Newspaper article Evansville Courier & Press (2007-Current)

Delegates Find Constitutional Consensus Elusive

Newspaper article Evansville Courier & Press (2007-Current)

Delegates Find Constitutional Consensus Elusive

Article excerpt

INDIANAPOLIS - The Constitution is hard to change. That became obvious when a committee struggled for an hour Thursday as members tried to decide how to vote at the Mount Vernon Assembly, a meeting that is a precursor to a possible constitutional convention. The assembly is taking place this week at the Indiana Statehouse.

"Keep in mind this hasn't been done in 200 years," state Sen. Jason Rapert, R-Arkansas, told other legislators with laugh, as the group debated how to vote. "So, we're wading through."

The delegates are meeting under a process set out in Article V of the Constitution, which allows states to propose amendments. No actual amendments are being considered this week. Instead, lawmakers are focusing on the procedures needed to hold an amendment convention in the future.

Indiana Senate President Pro Tem David Long said the point of this week's meeting is in part to limit the scope of the future event - an attempt to avoid a "runaway convention" and make sure the convention and ideas remain in the control of the states.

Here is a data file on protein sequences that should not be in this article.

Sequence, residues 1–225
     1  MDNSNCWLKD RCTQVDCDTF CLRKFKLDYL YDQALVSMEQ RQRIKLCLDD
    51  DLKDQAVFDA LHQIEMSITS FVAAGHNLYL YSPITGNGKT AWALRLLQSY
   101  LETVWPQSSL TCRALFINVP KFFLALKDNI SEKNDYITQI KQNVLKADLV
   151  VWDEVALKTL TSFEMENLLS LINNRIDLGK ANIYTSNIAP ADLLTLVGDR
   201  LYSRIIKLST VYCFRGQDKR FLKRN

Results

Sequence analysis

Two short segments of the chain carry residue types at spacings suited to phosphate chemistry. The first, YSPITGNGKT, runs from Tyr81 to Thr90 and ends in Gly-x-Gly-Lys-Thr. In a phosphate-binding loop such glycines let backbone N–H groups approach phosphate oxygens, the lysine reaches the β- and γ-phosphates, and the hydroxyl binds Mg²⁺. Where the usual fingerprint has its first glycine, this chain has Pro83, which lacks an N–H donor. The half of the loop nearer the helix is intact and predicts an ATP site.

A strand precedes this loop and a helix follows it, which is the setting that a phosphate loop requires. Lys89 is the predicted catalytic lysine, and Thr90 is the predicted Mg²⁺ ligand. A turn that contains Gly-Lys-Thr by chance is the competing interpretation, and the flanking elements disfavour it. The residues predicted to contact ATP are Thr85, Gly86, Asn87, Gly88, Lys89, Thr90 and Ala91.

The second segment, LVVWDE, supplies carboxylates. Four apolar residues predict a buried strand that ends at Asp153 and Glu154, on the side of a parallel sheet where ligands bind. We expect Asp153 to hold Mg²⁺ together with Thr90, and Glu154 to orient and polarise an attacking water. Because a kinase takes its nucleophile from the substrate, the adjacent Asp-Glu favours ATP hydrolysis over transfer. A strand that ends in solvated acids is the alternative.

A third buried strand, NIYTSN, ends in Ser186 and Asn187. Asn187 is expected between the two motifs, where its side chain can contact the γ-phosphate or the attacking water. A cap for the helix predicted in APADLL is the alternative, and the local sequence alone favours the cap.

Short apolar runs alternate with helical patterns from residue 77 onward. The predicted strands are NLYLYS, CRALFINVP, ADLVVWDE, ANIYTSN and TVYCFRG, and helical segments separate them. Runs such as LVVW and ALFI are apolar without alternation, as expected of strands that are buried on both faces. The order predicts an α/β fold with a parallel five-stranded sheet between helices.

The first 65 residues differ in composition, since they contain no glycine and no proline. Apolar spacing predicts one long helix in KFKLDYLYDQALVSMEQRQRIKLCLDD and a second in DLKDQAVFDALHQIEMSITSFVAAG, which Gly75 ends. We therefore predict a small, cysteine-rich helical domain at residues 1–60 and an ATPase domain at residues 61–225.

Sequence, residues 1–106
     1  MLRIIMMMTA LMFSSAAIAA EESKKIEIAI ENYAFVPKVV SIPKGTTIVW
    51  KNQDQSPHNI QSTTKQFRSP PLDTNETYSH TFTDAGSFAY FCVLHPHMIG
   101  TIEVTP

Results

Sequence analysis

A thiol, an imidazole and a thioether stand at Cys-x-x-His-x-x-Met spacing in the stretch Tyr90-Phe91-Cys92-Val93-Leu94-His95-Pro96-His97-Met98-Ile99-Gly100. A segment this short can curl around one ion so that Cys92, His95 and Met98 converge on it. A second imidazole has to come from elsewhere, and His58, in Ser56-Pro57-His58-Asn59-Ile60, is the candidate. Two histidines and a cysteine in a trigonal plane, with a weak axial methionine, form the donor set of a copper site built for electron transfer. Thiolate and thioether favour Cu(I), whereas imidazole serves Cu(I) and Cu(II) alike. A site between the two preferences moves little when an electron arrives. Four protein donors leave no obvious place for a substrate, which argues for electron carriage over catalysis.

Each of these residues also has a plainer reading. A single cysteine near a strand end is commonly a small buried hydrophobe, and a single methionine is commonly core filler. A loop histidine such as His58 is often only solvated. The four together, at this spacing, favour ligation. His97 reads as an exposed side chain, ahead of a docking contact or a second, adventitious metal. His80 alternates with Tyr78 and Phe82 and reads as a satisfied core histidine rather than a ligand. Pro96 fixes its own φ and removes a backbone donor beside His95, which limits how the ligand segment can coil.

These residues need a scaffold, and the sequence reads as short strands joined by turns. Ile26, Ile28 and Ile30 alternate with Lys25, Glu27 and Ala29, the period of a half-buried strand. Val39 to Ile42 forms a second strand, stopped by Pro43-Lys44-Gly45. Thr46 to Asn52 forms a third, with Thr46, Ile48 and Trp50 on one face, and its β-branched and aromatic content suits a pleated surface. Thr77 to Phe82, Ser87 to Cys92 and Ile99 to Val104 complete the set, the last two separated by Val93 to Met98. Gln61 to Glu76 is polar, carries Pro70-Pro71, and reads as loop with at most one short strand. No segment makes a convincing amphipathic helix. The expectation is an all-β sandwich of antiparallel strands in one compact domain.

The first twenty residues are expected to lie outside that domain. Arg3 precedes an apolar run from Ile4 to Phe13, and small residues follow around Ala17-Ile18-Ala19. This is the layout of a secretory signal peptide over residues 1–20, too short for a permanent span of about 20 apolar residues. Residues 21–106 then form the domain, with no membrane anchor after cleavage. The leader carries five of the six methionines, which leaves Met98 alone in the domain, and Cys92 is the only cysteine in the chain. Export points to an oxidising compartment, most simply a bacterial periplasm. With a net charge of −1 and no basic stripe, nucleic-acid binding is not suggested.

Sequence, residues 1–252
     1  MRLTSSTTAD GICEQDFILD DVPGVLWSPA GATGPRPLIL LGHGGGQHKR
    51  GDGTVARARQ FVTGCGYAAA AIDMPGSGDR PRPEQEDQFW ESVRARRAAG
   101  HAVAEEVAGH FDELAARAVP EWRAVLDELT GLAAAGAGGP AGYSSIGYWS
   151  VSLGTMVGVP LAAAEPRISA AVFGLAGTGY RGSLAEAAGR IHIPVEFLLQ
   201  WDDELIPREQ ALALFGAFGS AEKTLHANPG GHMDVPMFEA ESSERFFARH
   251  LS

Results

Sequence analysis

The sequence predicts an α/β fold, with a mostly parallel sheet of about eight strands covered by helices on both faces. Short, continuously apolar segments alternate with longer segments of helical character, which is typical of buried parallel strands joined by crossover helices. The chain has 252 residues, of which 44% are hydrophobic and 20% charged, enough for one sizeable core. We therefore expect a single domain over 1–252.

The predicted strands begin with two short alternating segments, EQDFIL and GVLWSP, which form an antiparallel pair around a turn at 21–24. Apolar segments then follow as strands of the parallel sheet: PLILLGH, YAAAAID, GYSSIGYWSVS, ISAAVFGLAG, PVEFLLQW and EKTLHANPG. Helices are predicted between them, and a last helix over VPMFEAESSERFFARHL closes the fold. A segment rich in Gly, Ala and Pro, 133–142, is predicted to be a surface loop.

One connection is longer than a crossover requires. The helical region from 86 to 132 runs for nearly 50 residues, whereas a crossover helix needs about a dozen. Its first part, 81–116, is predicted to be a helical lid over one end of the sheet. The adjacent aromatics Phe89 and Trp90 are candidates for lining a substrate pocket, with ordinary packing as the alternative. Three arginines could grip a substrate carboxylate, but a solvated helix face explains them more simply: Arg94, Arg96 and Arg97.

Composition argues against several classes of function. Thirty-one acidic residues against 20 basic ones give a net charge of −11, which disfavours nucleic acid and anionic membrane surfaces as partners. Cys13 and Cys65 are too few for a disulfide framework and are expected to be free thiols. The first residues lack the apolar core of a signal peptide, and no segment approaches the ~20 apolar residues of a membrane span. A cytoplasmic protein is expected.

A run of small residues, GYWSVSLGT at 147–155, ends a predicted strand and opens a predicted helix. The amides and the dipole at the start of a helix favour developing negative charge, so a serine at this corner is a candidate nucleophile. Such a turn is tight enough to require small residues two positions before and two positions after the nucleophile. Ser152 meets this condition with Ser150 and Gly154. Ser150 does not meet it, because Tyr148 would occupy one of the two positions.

"Think of what we're doing as constructing a building," Long told the delegates during a morning session. He said it has to be "permanent, lasting and can stand the test of time." He received a loud round of applause from the entire House chamber where the delegates gathered initially.

Long said any possible amendment proposals are "premature."

Ohio Speaker Pro Tempore Matt Huffman is the chairman for the assembly, which continues Friday. He said the meeting is the "beginning of a journey" that may take years.

"This is extra work. You're doing it because you're trying to make a difference," Huffman said. "One of the things we need in this movement is more leaders, folks who want to step forward. And take over a lot of tasks that have yet to be done and need to be done."

After the morning session, lawmakers broke into three committees, including the Rules and Procedures Committee, which met in the Indiana Senate chamber. …

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